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NRC: No Water In Spent Fuel Pool Of Japan Plant

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posted on Mar, 16 2011 @ 05:41 PM
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Originally posted by rubbertramp
reply to post by PoorFool
 


i'm still waiting.
come on now, i just offered a free way for you to go help.

i wouldn't even be doing this x-cept for the fact that you insinuated to me being a puss.

I thought of going the moment I heard of the earthquake. But I can't due to certain circumstances.




posted on Mar, 16 2011 @ 06:07 PM
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Originally posted by PoorFool

Originally posted by rubbertramp
reply to post by PoorFool
 


i'm still waiting.
come on now, i just offered a free way for you to go help.

i wouldn't even be doing this x-cept for the fact that you insinuated to me being a puss.

I thought of going the moment I heard of the earthquake. But I can't due to certain circumstances.


yea, i have certain circumstances also, guess we're both pusses.

i've been to disasters before. it is not a joke. i was in mexico city after the big one.
very ugly, was there as a tourist to go visit the pyramids and museum of anthro.
once it hit, i was in the el presidente hotel right downtown. i spent 2 days pulling people out of rubble.
once the situation was becoming closer to organization and rescue i was actually asked to leave.
they cordoned off the area and i left the city.


edit on 16-3-2011 by rubbertramp because: (no reason given)



posted on Mar, 16 2011 @ 06:16 PM
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Originally posted by rubbertramp

Originally posted by PoorFool

Originally posted by rubbertramp
reply to post by PoorFool
 


i'm still waiting.
come on now, i just offered a free way for you to go help.

i wouldn't even be doing this x-cept for the fact that you insinuated to me being a puss.

I thought of going the moment I heard of the earthquake. But I can't due to certain circumstances.


yea, i have certain circumstances also, guess we're both pusses.

i've been to disasters before. it is not a joke. i was in mexico city after the big one.
very ugly, was there as a tourist to go visit the pyramids and museum of anthro.
once it hit, i was in the el presidente hotel right downtown. i spent 2 days pulling people out of rubble.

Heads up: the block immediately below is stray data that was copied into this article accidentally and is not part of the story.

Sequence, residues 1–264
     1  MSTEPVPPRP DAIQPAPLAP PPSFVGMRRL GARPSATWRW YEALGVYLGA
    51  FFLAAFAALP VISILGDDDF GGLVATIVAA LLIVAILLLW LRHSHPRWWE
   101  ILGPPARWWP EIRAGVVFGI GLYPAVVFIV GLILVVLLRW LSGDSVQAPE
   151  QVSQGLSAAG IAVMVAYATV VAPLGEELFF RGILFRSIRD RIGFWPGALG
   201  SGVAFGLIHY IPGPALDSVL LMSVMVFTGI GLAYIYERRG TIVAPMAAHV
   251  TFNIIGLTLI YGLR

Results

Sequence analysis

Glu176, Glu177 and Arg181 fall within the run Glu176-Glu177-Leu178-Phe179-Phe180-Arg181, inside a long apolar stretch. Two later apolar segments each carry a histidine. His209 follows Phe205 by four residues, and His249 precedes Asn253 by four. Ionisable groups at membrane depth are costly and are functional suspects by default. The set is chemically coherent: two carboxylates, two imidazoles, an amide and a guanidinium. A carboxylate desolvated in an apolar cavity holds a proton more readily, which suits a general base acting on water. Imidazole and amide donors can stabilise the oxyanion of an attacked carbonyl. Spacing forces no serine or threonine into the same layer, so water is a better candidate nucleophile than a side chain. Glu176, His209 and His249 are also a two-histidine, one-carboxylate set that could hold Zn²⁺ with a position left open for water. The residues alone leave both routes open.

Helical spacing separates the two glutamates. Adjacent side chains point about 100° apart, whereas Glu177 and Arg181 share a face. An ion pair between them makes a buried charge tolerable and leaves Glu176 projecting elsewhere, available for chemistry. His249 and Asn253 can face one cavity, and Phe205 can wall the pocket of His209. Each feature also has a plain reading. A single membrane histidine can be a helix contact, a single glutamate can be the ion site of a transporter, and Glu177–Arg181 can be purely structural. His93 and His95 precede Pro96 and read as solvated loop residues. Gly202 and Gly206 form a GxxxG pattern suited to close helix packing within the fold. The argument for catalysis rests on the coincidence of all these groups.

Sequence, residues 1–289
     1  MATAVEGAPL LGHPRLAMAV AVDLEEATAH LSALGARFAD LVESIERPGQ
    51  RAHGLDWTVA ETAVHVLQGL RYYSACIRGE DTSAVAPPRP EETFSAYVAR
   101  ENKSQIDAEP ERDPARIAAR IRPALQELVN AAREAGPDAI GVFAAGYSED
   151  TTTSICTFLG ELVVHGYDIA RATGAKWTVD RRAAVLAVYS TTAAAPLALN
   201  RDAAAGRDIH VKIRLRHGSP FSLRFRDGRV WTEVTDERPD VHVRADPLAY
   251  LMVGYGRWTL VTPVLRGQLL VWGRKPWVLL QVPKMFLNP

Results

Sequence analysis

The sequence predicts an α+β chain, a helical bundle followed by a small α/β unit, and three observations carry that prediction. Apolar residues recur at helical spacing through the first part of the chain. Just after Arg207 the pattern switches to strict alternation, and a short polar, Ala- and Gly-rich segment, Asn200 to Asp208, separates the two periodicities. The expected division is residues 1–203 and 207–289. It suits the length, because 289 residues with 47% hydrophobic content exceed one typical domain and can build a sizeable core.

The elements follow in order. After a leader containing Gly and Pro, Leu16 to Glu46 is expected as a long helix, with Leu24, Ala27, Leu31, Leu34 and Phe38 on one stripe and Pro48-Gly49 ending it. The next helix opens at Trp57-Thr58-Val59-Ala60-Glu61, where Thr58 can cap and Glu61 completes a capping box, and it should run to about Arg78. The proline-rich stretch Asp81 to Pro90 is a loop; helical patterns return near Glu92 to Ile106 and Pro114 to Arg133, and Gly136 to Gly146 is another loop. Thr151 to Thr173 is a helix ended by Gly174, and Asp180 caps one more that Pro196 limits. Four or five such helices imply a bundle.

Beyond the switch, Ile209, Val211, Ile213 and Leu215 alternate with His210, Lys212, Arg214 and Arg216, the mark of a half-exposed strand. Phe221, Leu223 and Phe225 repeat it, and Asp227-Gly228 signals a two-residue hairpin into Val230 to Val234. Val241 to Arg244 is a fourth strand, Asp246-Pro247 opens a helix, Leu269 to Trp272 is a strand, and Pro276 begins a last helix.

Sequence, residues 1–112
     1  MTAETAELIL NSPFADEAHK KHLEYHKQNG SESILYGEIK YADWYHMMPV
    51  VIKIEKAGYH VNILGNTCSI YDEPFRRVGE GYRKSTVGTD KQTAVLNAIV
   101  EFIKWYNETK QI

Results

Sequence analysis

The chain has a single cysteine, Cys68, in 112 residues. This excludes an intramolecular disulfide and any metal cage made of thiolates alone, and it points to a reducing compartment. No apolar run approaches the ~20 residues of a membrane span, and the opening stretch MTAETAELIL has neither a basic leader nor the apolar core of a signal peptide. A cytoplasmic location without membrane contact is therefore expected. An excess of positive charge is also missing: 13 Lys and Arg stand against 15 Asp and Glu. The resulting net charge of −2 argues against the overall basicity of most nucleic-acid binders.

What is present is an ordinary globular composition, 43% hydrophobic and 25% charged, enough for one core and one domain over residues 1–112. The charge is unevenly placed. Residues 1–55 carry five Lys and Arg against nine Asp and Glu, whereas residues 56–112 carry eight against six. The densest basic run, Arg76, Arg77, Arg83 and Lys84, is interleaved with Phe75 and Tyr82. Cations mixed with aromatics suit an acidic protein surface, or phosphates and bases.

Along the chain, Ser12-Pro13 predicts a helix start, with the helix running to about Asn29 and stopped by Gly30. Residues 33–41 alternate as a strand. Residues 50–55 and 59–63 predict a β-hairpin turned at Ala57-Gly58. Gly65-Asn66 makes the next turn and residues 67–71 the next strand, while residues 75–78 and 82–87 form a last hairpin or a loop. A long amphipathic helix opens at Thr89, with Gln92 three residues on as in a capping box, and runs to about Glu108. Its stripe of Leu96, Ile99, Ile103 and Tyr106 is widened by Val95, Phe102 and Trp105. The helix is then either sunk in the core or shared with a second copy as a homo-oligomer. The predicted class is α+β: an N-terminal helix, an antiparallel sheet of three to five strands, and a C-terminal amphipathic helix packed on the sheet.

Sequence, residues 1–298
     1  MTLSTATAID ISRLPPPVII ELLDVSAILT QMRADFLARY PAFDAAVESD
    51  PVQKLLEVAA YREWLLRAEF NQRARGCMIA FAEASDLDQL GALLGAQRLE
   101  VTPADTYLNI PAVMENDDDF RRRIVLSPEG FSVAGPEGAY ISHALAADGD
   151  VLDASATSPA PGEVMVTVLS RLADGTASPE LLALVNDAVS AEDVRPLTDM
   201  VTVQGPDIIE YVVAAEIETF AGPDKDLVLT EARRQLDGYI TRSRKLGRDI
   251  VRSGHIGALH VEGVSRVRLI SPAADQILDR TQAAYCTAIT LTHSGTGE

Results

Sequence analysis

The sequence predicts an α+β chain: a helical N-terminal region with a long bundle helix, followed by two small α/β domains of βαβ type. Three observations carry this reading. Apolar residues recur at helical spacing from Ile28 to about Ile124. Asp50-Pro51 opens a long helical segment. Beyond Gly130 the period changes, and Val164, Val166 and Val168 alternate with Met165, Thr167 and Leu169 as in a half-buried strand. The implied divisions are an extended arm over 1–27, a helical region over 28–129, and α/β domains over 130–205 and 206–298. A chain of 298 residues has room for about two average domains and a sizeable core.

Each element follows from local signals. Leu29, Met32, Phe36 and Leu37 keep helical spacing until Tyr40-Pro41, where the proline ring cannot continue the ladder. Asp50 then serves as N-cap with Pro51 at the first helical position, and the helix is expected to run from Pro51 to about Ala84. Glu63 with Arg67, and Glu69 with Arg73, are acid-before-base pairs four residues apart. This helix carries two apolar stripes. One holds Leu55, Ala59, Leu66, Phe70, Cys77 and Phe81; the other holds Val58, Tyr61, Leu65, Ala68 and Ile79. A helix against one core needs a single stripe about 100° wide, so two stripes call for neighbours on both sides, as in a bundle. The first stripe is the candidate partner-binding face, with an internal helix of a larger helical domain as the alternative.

once the situation was becoming closer to organization and rescue i was actually asked to leave.
they cordoned off the area and i left the city.


edit on 16-3-2011 by rubbertramp because: (no reason given)


Sorry if I offended you. Seems like there's nothing any of us could do about it at this point anyway.



posted on Mar, 16 2011 @ 06:17 PM
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I'm not a total expert on this specific topic, but I do have a degree in physics. I had a sudden realization moments ago as to an extremely dire consequence of the spent fuel pool going dry, which I haven't seen discussed anywhere.

I'm assuming that there are other physicists out there who are involved in managing this disaster who have thought of this. At least, I really hope there are otherwise the workers might make a dire mistake.

If so, then they are keeping the phenomenon that I'm about to describe a secret.

To keep things simple, water is intended to serve a very different purpose in a reactor core than in the spent fuel pool.

Water is pretty good at absorbing dangerous gamma radiation, so by keeping the used fuel rods under many feet of water, workers in the plant are shielded from the gamma radiation they are emitting. The water of course also keeps the rods from getting too hot.

In the reactor core, water actually serves to make the nuclear reaction go critical. I won't go into all the technical details (see the article below for them - it seems pretty well written), but water serves to make the fuel rods go into critical reaction. Without the water in most (maybe all) modern reactor designs, criticality simply won't happen (the rods might still get hot enough to melt down without water, of course).

The water does this by slowing down neutrons emitted as the nuclear fuel undergoes its normal radioactive decay. Because of some very complex quantum mechanics, these slower moving neutrons are more likely to interact/collide with other radioactive atoms in adjacent fuel rods, as opposed to just "flying through" adjacent fuel rods. This collision/interaction causes radioactive decay that results in more neutrons being emitted. Because these new neutrons are also slowed by the water, they are also more likely to result in additional fission, etc, etc. This is what is referred to as the chain reaction of nuclear fission. Because of this phenomenon of slowing the neutrons, water in the reactor is necessary in order for the fuel to reach criticality, where the fission reaction is stable at a certain level.

Now we get to the problem that might be happening now that the spent fuel pool has gone dry.